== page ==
From Fixed Points to Recursion

Recursion refers to self-referential code. Most people are familiar with recursion in the form of names that are used before their values are fully computed. The classic Fibonacci function can be used to illustrate this. As you can see, the definition of fib references itself.

fib :: Int -> Int
fib 0 = 0
fib 1 = 1
fib n = fib (n - 1) + fib (n - 2)

The fix function in Haskell calculates the least fixed point of the function provided as argument, if it exists. From numerical analysis, you may recall a fixed point as a value at which the output remains unaltered no matter how many times you apply the function to it. In other words, the following statement is true for all f, for which the fix function can be computed:

f (fix f) = fix f

To use the fix function, we first need to a redefine fib as a function that can be supplied to it. We define a new variable f that represents the Fibonacci function, moving fib over to the right side.

let f = \fib -> \n -> if n < 2 then n else fib (n - 1) + fib (n - 2)

In plain English, you could read this as: given the Fibonacci function and a number, we can calculate the value as (a) the number itself if it is less than 2, or (b) the sum of the Fibonacci function applied to the previous two numbers respectively.

Notice that the definition above no longer uses recursion; it simply accepts fib and n as arguments, and calculates the result.

We now find the least fixed point for the Fibonacci function, and apply it to the desired input. For instance, to find the 11th Fibonacci number, we write:

import Data.Function (fix)
fix f 11

…and voila! it prints the result 89.

If you open up the source code of fix, this is how it is defined:

fix :: (a -> a) -> a
fix f = let x = f x in x

Again, in plain English, replace x with the supplied function f applied to (f applied to (f applied to (…))), then return x. You would think this would go into an infinite loop — and it does, if the function doesn’t converge — but it actually works! One of the advantages of a language with non-strict evaluation semantics like Haskell is the ability to work effectively with infinite regress.

Link to GitHub

That鈥檚 all for today, folks! 馃枛

The Command Pattern

Modularity is a desirable property of any reasonably complex software. Modularity allows the programmer to examine, understand and change parts — modules — of the software while temporarily ignoring the rest of it. When the software becomes too large for a single programmer to work on it sequentially, modularity allows a team of individuals to work on it in parallel. Ideally, modularity is recursive — modules should themselves consist of modules, and so on, until each module is small enough for an individual to grasp quickly, even with an arbitrarily large team.

From one perspective, modularity is less about breaking down software into smaller modules, and more about creating small modules that can be easily combined with other modules to create large systems. Combining modules is called ‘composition’, and composability is the holy grail of software design.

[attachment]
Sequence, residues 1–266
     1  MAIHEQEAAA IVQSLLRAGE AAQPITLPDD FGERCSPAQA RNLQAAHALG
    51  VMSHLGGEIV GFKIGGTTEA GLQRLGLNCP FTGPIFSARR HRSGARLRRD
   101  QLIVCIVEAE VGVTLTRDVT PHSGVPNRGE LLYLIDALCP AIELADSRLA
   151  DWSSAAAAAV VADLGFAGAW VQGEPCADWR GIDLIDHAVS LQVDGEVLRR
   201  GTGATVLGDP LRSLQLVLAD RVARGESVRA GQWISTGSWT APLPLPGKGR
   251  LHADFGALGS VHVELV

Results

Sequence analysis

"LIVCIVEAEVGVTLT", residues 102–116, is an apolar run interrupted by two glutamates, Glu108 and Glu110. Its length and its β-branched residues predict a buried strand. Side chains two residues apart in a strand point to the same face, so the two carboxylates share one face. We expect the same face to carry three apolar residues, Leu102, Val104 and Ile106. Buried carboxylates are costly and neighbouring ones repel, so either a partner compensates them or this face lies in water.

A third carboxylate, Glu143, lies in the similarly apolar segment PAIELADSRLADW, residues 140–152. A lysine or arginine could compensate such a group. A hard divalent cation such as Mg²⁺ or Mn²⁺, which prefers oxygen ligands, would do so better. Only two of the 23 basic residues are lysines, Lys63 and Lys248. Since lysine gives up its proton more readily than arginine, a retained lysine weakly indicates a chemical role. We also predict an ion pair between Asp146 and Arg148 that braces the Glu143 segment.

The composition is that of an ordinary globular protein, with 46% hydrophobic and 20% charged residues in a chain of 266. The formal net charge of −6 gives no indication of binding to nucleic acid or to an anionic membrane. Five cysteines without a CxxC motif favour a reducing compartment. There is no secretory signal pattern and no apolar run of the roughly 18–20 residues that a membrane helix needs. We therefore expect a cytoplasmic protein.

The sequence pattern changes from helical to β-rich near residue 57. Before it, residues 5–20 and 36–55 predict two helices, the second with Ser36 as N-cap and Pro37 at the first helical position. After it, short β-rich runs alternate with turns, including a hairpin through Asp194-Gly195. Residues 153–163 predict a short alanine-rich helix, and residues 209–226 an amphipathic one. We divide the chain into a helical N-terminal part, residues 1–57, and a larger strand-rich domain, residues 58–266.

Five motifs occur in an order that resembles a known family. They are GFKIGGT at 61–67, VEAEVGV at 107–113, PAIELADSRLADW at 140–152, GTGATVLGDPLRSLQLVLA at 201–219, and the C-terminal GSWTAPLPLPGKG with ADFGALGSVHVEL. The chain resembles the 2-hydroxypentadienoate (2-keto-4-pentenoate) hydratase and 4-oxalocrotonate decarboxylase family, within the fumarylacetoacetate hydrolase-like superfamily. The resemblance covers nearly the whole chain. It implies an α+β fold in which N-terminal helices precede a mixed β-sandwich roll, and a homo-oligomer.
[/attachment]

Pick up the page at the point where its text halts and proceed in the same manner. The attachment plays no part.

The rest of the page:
Functions are the ultimate tool in the toolbox of composition. In mathematics, a function has inputs and outputs, and its definition represents the mapping of inputs to outputs. In the computational world, these mappings may be viewed as transformations of inputs into outputs. Functions are inherently composable, as under the right conditions, the outputs of one function may be connected to the input of another function (even itself). Unfortunately, functions in mainstream programming languages are impure in the sense that they may do other things, such as write bytes to disk or send data over a network. These so-called ‘effects’ hinder our ability to compose functions using their mathematical representations, unless the effects themselves are modeled as first-class inputs or outputs.

Only a few languages like Haskell support pure functions — functions that are free of effects. In Haskell, effects are possible only if they are modeled as first-class inputs or outputs. In these cases, effects are encoded into the runtime instances of a special type called IO, and it is the responsibility of language runtime to execute these effects on behalf of the programmer. For example, in the program below, the main function returns an IO instance, and the language runtime executes the effects encapsulated by the instance. In fact, without resorting to backdoor (aka unsafe) techniques, it is not possible to specify effects within a function that doesn’t return an IO instance. With the IO type, Haskell programs are smart enough to declare which functions are effectful, and these functions can be distinguished from ones that are not.